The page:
The choppy waters of Lake Michigan didn’t seem to want to let my kayak off the beach at Michigan Beach Park in Charlevoix, and it would have been tempting just to spread a towel down on the sand and soak up the sun with all the beachcombers. I pushed out into the waves, though, and was soon battling them on a 20-mile paddle to my campsite at Young State Park near Boyne City on Lake Charlevoix. For the opportunity, I had a 54-year-old federal law to thank: the since-expired Land and Water Conservation Fund.
Since 1964, the Land and Water Conservation Fund (LWCF) has invested more than $329 million in Michigan, including public access recreation sites like Michigan Beach Park on the local level and Young State Park, managed by the Michigan DNR. The LWCF operates like Michigan’s Natural Resources Trust Fund. It takes royalties from offshore energy development and invests them in communities around the country for outdoor recreation opportunities: in fact, every single county in Michigan has benefitted from the LWCF.
My adventure depended on it. I wanted to paddle inland from Lake Michigan, through the Pine River Channel and Round Lake to and around Lake Charlevoix. The Lake Charlevoix shoreline is smothered in private vacation homes, so there are few places where paddling into a campsite for the night would even be possible. Established in 1921, Young State Park received a $100,000 development grant from the LWCF in 1967. It now offers 240 campsites, two rental cabins, miles of birding and hiking trails, and beach and lake access for anglers, boaters, jet-skiers and paddlers like me.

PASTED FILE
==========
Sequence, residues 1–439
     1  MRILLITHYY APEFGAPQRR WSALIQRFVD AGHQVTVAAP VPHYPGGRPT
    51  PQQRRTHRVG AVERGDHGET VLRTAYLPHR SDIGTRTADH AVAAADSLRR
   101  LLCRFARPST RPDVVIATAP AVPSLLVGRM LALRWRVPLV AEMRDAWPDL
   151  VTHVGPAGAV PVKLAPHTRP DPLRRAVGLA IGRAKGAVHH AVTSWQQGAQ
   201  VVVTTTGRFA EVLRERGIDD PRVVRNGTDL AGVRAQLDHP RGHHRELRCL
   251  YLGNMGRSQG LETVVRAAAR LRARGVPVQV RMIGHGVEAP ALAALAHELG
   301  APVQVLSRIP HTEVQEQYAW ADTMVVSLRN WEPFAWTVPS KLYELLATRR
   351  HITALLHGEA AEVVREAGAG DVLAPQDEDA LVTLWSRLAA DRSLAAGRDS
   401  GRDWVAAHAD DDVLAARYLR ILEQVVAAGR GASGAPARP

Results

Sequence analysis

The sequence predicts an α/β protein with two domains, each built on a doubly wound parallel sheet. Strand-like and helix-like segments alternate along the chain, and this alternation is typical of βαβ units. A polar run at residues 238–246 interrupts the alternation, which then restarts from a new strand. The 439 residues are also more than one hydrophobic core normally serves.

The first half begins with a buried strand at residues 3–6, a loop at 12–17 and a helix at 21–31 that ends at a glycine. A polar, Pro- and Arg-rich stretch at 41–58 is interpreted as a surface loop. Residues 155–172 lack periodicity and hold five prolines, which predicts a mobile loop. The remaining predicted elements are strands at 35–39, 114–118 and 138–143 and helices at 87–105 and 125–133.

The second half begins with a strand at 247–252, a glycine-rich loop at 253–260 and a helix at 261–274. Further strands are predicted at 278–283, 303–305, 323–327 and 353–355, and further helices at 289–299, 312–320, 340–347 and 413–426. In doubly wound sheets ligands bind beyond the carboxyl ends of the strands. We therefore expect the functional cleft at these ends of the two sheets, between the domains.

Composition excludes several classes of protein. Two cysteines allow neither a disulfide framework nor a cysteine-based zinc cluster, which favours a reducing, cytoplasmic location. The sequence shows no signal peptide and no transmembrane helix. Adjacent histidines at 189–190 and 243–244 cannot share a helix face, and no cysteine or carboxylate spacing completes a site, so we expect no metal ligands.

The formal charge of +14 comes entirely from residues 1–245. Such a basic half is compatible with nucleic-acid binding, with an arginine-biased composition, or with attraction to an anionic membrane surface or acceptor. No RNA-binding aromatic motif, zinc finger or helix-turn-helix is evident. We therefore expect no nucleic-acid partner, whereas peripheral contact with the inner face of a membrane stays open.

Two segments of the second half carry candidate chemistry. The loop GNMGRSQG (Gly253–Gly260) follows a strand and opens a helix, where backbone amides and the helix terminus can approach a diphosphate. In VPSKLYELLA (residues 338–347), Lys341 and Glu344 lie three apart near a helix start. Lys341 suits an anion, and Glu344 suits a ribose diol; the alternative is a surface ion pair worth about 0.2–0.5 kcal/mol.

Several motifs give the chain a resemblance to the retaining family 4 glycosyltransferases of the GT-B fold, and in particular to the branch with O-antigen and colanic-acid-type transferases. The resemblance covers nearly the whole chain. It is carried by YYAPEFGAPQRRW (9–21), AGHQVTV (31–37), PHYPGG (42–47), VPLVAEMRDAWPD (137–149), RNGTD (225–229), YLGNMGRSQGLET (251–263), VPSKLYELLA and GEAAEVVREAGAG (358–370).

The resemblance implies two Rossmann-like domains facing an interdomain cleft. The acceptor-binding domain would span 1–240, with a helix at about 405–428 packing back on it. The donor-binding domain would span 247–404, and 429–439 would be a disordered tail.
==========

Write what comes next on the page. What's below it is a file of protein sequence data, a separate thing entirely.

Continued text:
To get there, though, I had to find a place to park overnight and launch my kayak. Michigan Beach Park lies just outside the Pine River channel and the famous Charlevoix lighthouse, making it the perfect launching point for my adventure. It received an $11,000 LWCF development grant in 1976. I skirted outside the designated swim area in Lake Michigan’s choppy surf. I had only a few hundred yards to go before I turned into the Pine River channel, which was even choppier. Yachts passed me on their way into Round Lake to dock, as well as another kayaker swifter than me. We talked a little on our way through and I learned he was a Michigan State student (my alma mater).
The waves crashed over my overloaded stern, holding a tackle box and dry bag stuffed with overnight camping gear. What I didn’t realize was that it was also leaking into my dry hatch and filling up the cavity of my sit-on-top kayak. I paddled through the channel and out into Round Lake, marveling at the boat garages around the shore and the vintage sailboats anchored in the harbor. I continued on past the Coast Guard station into Lake Charlevoix, using my paddle to navigate the waves coming from behind me and from the side.
Out in the middle of the Lake, my kayak felt sluggish — too sluggish. I felt the cargo area behind me and it was completely filled with water, spilling over into my seat. I paddled furiously toward shore, but I only bobbed side to side as my stern sunk below the surface, finally capsizing and tipping me into the lake.